The beginning of the school year is upon us. How do young makers and their families prepare? Young makers and their families prepare by reminding each other the purpose of schooling. The highest purpose of schooling is to uncover new worlds of understanding and to reach those worlds of understanding through student curiosity. Young makers relish taking an active role in their classrooms. So if the teacher suggests an assignment can be completed with a PowerPoint presentation, a young maker might ask, “Can I create a Google Site instead?” When a teacher suggests students create a physical 3D model, a young maker might ask, “Can I use SketchUp to draw a 3D model?” (Trimble SketchUp — formerly Google SketchUp — is a fun and free to use 3D drawing program for Macintosh and Windows.) If the teacher suggests students produce a printed science report, a young maker might suggest, “Can I create an explanatory screencast instead?”
Young makers also define the mood of the classroom. Active, not boring. Polite, not rowdy. Sharing, not silent. Mindful, not mindless. Young makers introduce themselves to the new kid at the school and ask them what their creative talent is. If they have no declared talent, a young maker will say, “That’s cool. You’ll find out soon enough.” And if they have a declared talent, a young maker will find ways of connecting that talent to projects in the classroom.
Young makers are your ideal student. They are the classroom’s Benjamin Franklin, Limor Fried, Leonardo da Vinci, Jeri Ellsworth. Ben Heckendorn, Super Awesome Sylvia, Steve Wozniak. They have competences in many fields — and use classroom learning as a way to stitch together those competences in new ways. They relish a challenge. They love to persevere. They are resilient when disappointment strikes. They are independent learners, turning to the teacher for guidance, but only when needed. They love exercising their ingenuity.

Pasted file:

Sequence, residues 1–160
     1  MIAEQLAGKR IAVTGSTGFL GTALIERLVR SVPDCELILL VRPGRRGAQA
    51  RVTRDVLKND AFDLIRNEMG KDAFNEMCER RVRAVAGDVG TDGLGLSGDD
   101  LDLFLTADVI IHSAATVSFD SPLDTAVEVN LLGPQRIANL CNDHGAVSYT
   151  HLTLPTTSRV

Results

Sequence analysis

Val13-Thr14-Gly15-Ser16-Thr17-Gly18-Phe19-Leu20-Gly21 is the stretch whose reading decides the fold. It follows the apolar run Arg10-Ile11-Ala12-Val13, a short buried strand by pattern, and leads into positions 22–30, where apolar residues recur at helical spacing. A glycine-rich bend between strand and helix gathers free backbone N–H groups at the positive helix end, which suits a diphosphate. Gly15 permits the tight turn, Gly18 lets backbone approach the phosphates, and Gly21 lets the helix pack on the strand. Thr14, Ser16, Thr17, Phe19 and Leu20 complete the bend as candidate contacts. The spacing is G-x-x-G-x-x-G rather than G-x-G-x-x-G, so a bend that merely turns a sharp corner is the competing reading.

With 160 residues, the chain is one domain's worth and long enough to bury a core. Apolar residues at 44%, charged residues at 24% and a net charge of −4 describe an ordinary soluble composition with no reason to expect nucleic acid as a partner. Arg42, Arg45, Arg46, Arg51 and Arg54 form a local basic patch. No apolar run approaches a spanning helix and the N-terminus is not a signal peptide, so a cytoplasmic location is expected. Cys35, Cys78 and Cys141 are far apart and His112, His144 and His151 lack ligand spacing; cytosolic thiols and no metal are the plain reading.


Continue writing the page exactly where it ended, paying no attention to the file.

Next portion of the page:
Young makers are the extra teachers in every classroom. They’re the ones who will respond fast if a teacher has a heart attack in class. They’re the ones who refrain from saying harmful things to other students. Young makers see a substitute teacher as not a way to goof off, but as a chance to complete ongoing projects with input from another adult.
Young makers are bold, they’re confident, they’re curious, they’re polite. They love to say, “I was just wondering….” and “I just had a great idea!” They are chomping at the bit to make things — things that will surprise their teachers, and perhaps astound the world. I know some young makers, and I bet you do to. Let them wear their making with pride. Could there be any sweeter words for a teacher to hear on the first day of school than a bright-eyed student proudly declaring: “I’m a maker. Are you a maker, too?”
[Phil Shapiro is a maker and media maker in the Washington DC-area. He loves open source, digital storytelling and fixing up donated computers to deliver to people who need them. He can be reached at email@example.com and on Twitter @philshapiro.]
Previous blog posts –